28.04.2016 |

Episode #1 of the course “Common English phrasal verbs: Part 2” by Angela Boothroyd


Phrasal verbs are sometimes called multi-word verbs, and they’re used just like other verbs.

They are a combination of a verb (such as ‘make’ or ‘pick’) with one or two particles (an adverb or a preposition), that results in a new word or unit of meaning.

For example:

1) ‘look up’ – to turn your eyes upwards – is not a phrasal verb

e.g. I looked up and saw a plane

2) ‘look up’ (something) – to look at a book or computer in order to find information – is a phrasal verb

e.g. I looked it up in my dictionary

      I looked it up on Wikipedia

Phrasal verbs can seem hard to learn because it can be difficult or impossible to guess what they mean from the meaning of their individual verbs and particles, and because many phrasal verbs have multiple meanings.

The best way to learn them is to think of each phrasal verb as a single word, and then learn a small number each week just as you would learn any other English vocabulary.

The definitions and examples of use on this course will help you do exactly that for 50 common and useful English phrasal verbs!

blow up

1. To blow up something (or blow something up) means to fill it with air; for example, a balloon, or a car or bicycle tyre.

Example of use:

Can you blow these balloons up for the party, please?


2. Blow up also means to suddenly lose your temper (get very angry).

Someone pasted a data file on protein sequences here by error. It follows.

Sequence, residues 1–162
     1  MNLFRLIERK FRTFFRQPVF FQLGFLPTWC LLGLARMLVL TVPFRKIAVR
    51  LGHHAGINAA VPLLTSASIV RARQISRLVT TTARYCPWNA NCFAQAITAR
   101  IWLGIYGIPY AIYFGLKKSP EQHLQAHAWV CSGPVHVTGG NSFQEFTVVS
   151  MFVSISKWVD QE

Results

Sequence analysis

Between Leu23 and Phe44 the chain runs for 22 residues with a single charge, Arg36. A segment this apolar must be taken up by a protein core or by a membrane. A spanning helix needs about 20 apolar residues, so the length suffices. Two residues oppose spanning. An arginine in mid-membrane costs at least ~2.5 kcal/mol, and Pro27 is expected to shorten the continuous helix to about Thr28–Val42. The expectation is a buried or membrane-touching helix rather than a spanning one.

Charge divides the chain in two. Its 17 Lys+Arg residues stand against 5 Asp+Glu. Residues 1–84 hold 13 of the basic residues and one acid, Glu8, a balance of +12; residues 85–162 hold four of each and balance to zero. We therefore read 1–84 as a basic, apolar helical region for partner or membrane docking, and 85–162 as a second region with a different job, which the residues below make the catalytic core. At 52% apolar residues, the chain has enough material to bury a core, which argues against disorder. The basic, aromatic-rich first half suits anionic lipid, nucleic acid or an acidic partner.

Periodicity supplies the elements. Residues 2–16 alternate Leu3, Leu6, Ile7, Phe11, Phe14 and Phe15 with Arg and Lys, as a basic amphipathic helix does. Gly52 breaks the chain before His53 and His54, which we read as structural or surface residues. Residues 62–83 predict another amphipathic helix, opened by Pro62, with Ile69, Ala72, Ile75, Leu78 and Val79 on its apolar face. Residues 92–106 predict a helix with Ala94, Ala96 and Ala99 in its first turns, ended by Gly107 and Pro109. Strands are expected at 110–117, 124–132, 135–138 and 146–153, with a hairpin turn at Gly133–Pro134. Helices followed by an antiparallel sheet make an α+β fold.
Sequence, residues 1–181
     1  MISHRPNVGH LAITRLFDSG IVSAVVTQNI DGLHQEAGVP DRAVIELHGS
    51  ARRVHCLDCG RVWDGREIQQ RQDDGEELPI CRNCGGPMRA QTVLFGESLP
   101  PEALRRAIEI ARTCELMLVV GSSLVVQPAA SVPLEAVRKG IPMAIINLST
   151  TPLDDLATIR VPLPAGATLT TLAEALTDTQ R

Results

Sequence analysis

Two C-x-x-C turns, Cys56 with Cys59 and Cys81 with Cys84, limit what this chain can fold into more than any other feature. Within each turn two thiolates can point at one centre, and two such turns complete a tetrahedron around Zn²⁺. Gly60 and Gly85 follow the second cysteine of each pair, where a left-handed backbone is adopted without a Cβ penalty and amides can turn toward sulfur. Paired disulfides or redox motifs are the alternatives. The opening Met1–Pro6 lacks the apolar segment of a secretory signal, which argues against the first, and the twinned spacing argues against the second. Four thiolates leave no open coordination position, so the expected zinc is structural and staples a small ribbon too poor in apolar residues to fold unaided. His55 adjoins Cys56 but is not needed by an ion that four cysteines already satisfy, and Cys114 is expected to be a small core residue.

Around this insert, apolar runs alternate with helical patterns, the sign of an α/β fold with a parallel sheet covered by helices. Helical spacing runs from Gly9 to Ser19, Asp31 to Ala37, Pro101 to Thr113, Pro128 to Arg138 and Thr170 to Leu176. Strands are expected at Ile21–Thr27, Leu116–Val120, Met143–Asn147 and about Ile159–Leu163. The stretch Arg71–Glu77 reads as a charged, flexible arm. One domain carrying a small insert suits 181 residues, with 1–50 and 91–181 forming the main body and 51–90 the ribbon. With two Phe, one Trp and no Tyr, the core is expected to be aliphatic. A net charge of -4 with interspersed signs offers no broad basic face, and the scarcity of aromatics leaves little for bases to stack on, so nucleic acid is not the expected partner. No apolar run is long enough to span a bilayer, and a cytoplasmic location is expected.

Informal English.

Example of use:

a) I broke her iPad and she blew up at me.

b) We were having a discussion about the accounts and he suddenly blew up and stormed out.


3. When something blows up (or when somebody blows something up) it explodes.

Examples of use:

a) The family were injured when their house blew up because of a gas leak.

b) Fortunately the plane was empty when the hijackers blew it up.

1.1 Phrasal verbs 2

rely on / upon

1. To rely on (or rely upon) somebody or something is to trust someone or something to do what you need or expect them to do.

Often + to do something.

Examples of use:

a) I’m relying on you not to drop me!

b) Can I rely on you to keep my secret?

c) We need someone we can rely on to manage the business for us.

d) I wish I could rely on my train arriving on time.

e) I’m relying on my students to finish their English homework this week.

f) We’re relying on our old car to get us to the airport on time

g) You can rely on


2. To rely on (or rely upon) somebody or something is to need or depend on someone or something in order to work correctly, to succeed, or to survive.

Examples of use:

a) We rely on our son to do our food shopping for us.

b) He relies on the income from his writing for paying his bills.

c) Our elderly neighbour relies on her children for help.

d) I’m relying on all of you to work hard and make this team a success.

e) The English students relied on their teachers to help them pass their English exams.

f) Our business relies on government contracts.

Rely upon is a little more formal than rely on.

1.2 Phrasal verbs 2


Recommended book

“The Ultimate Phrasal Verb Book” by Carl W. Hart


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